It’s going to be up to provincial leaders to save the country. Some of them have the stones to do it, some don’t, and some are on the fence. The fence sitters (Doug Ford take note) need to get their heads in the game.

  • i guess the question is in all this lay offs why has there no government layoffs happening???
    does the trucking industry and its customers have to take all the brunt… – at least the American cities and government have layoffs all over to help with budgets… does Canada not get that ???
    also you list large layoffs in the trucking – where are the guys??? there should be drivers looking for work then ???
    i think we are in the same problem as many sectors – cant get workers – because it is nicer to stay at home and collect a covid check than work… major, major problem that the Federal Government has created…
    this needs to be reported as well…

    • The problem is in private nursing homes, food or meat processing, some foreign farm workers and truck drivers are only finding out after someone becomes sick and dies of C 19 that their children are not going to looked after. I know of 2 truck drivers that got siick in the U S they both got very LARGE medical bills that the company they worked for and the private companies insurance would not pay. I know of a foreign farm worker who got sick and may never be able to make enough to support his family again, This is one of the cases that caused the Mexican government to slow up foreign farm workers from Mexico. I volunteer with a Non profit group that has a case of a nursing home workers 8 that died from the virus. She had 2 small children one 4 years old and have one 18 months W S I B will not cover the cost of raising those 2 children to age of 21 if they stay in school and get decent marks. A worker at meat processing plant near Guelph who also drove local truck who died will not get money to raise his kids as his wife is unable to work after a car accident 4 years with still no payout, I have seen many people homeless and kids have a very bad life in Ontario Canada because of W S I B and private insurance companies. When fix this people who be less afraid of dieing and leaving their families unprotected,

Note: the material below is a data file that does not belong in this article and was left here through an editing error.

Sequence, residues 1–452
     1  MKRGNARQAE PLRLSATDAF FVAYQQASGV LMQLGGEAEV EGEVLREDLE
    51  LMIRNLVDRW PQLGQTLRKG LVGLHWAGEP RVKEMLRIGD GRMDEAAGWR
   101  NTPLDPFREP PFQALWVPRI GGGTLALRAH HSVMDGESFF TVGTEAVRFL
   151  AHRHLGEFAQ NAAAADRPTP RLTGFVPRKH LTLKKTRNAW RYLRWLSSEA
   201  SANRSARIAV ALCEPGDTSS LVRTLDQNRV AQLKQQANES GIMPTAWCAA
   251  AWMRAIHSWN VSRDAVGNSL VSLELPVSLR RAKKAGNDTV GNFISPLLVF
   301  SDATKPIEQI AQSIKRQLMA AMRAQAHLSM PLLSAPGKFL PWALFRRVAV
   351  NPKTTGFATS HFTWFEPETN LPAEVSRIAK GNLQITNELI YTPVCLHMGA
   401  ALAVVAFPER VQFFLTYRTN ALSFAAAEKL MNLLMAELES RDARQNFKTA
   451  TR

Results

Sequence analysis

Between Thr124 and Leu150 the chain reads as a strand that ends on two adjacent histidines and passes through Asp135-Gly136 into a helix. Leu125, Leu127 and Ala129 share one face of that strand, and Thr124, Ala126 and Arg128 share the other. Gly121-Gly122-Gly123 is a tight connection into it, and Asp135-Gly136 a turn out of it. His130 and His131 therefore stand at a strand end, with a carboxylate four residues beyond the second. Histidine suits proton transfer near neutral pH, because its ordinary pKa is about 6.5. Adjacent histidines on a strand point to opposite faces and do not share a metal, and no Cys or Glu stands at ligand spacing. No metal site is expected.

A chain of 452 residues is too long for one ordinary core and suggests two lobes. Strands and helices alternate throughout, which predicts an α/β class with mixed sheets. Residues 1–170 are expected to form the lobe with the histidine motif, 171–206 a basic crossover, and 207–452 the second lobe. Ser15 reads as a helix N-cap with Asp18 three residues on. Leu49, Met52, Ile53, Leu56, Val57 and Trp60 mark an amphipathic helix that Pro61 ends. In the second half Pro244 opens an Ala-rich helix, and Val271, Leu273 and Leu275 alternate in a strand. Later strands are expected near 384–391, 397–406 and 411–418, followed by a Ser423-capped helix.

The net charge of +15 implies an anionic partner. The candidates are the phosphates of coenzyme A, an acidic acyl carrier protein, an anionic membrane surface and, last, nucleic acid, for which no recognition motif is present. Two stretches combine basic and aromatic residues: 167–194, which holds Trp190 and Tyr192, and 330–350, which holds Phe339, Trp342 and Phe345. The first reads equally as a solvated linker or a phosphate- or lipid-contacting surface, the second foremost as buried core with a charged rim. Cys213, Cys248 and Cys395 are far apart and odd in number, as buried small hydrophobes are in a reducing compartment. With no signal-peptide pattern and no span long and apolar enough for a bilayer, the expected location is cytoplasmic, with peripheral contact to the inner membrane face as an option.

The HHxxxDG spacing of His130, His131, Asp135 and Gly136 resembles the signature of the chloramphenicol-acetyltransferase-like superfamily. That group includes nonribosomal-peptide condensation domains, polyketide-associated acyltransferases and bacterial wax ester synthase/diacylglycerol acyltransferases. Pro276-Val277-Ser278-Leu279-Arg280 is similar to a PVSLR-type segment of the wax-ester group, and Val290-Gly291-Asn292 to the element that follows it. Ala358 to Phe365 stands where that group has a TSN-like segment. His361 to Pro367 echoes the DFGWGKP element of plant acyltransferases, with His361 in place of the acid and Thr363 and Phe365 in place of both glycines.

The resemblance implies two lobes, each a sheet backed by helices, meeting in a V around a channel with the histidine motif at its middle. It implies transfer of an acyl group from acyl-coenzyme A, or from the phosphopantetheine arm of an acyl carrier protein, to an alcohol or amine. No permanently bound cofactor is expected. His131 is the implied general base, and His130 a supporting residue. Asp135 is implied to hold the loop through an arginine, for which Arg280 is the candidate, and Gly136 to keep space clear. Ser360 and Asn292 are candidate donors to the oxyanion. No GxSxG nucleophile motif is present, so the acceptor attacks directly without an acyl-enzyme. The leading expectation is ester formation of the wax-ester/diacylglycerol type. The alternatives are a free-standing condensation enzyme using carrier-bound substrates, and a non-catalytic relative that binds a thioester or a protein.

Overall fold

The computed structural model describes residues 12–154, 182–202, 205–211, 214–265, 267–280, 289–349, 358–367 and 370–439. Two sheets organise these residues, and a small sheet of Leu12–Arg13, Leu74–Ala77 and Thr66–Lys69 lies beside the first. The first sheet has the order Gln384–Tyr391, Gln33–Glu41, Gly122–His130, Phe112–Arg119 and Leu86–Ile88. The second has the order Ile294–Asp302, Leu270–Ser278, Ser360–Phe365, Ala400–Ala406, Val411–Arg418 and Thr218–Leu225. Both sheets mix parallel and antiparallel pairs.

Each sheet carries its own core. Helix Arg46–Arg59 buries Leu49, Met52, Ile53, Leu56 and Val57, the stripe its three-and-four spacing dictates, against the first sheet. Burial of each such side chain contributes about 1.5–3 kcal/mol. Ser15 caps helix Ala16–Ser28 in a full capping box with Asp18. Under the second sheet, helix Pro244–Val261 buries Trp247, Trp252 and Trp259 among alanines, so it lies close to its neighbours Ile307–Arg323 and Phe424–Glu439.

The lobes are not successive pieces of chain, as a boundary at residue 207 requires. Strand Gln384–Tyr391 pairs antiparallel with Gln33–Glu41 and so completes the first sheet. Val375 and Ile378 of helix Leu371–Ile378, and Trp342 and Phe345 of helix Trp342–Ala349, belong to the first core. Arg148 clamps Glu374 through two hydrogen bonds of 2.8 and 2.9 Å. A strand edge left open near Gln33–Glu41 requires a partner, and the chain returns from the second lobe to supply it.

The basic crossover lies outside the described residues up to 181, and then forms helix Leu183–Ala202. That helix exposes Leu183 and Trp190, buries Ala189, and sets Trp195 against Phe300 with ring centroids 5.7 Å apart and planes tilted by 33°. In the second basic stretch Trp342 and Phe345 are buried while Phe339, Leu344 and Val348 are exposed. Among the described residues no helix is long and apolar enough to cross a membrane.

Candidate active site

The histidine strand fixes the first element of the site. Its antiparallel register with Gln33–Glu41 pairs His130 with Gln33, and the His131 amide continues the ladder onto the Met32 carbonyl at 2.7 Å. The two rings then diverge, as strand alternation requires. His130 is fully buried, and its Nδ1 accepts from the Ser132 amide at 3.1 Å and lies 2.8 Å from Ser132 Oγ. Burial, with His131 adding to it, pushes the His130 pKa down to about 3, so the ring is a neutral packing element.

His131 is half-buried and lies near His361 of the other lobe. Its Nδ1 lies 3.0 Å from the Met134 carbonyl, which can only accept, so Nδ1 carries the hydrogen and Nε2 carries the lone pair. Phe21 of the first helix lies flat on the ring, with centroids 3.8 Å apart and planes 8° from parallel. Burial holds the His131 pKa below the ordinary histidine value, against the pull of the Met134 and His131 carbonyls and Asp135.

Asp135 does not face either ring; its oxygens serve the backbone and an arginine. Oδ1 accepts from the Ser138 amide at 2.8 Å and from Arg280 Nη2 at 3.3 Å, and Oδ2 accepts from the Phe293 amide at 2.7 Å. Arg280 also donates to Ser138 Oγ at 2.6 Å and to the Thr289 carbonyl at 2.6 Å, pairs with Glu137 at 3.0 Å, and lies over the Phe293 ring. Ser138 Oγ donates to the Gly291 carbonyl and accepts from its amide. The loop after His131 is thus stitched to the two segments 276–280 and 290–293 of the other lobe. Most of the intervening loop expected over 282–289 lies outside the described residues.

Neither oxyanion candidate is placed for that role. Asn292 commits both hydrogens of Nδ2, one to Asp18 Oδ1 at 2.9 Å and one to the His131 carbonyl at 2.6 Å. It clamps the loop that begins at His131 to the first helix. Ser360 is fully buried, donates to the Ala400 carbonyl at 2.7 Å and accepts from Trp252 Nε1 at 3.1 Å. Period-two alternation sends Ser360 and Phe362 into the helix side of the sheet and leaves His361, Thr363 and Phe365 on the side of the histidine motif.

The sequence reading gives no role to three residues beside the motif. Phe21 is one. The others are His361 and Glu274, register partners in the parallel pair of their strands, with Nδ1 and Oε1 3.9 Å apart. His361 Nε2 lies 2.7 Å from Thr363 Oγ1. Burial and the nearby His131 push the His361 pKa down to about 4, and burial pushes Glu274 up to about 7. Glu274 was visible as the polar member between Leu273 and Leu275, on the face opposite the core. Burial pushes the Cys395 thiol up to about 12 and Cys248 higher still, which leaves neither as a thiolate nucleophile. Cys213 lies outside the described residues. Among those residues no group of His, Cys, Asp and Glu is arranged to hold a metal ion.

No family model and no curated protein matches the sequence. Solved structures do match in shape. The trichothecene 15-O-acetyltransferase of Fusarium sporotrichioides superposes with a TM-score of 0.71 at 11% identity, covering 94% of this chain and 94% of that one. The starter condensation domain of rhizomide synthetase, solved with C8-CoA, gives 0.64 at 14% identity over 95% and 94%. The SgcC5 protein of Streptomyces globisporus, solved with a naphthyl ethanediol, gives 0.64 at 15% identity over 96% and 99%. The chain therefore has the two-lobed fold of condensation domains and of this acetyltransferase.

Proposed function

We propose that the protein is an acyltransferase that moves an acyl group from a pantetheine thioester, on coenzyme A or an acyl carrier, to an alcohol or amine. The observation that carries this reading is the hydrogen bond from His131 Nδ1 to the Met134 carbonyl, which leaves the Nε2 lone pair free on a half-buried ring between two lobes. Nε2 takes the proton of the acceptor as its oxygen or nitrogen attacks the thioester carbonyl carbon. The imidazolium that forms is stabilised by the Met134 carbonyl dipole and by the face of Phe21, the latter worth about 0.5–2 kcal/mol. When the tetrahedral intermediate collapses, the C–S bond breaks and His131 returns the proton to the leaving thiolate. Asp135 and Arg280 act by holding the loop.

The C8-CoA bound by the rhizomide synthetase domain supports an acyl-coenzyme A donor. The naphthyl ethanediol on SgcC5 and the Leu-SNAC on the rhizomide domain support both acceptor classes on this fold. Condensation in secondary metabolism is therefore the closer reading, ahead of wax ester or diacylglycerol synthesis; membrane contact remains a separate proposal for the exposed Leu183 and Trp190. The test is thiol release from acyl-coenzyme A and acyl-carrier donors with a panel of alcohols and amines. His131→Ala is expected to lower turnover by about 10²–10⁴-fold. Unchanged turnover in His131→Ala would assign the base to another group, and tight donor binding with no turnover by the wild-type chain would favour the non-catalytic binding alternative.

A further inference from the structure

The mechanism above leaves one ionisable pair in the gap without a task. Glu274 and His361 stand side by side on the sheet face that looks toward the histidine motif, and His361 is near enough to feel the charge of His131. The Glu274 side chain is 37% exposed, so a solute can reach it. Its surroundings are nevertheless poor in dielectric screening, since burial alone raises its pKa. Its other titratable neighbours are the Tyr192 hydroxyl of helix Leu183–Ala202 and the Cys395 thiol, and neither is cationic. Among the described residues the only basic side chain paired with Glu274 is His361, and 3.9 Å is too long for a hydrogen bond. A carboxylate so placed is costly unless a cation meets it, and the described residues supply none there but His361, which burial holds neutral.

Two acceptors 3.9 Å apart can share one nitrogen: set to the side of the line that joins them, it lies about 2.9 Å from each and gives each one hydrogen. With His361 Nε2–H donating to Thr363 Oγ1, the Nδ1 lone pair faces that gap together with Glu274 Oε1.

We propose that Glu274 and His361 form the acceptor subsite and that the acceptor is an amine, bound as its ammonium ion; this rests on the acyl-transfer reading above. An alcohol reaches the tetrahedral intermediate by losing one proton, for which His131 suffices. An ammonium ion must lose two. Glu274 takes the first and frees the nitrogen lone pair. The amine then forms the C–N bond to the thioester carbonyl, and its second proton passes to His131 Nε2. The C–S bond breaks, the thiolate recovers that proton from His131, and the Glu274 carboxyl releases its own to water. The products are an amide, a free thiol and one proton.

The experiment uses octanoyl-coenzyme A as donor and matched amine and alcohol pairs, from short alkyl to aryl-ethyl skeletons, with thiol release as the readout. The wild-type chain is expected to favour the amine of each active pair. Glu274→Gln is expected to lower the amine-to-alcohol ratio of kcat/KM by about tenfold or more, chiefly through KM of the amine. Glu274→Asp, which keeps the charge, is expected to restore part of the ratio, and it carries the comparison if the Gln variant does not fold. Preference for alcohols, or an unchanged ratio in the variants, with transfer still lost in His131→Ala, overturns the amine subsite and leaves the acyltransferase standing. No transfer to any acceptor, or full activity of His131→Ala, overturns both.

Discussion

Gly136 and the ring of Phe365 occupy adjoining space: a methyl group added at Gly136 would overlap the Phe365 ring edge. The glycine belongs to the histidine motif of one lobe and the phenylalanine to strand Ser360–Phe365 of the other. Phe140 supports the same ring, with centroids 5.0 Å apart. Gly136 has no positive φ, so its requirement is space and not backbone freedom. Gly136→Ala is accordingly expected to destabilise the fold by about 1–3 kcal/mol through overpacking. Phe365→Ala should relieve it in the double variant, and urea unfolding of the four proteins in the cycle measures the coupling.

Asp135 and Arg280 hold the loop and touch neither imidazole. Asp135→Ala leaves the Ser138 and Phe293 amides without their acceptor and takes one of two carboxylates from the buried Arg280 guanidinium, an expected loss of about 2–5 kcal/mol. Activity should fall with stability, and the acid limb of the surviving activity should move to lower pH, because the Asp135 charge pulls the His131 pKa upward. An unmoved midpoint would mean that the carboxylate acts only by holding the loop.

• I call B.S there is so.much work out there, its fear mongering to make drivers, mechanics and warehouse people to take a pay cut or apply for jobs for a reduced rate. During the great depression trucking companies weremaking money because people need to.eatand survive